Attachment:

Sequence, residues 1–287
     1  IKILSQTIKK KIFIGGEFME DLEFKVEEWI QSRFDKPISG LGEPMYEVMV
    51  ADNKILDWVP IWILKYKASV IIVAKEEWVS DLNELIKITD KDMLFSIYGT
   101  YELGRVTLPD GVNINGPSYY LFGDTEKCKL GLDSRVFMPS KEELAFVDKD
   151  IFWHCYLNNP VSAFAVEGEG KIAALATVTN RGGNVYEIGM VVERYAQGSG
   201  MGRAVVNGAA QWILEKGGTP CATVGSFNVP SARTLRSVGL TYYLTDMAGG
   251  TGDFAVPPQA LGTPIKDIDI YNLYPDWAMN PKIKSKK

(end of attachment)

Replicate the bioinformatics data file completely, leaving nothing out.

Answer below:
Sequence, residues 1–287
     1  IKILSQTIKK KIFIGGEFME DLEFKVEEWI QSRFDKPISG LGEPMYEVMV
    51  ADNKILDWVP IWILKYKASV IIVAKEEWVS DLNELIKITD KDMLFSIYGT
   101  YELGRVTLPD GVNINGPSYY LFGDTEKCKL GLDSRVFMPS KEELAFVDKD
   151  IFWHCYLNNP VSAFAVEGEG KIAALATVTN RGGNVYEIGM VVERYAQGSG
   201  MGRAVVNGAA QWILEKGGTP CATVGSFNVP SARTLRSVGL TYYLTDMAGG
   251  TGDFAVPPQA LGTPIKDIDI YNLYPDWAMN PKIKSKK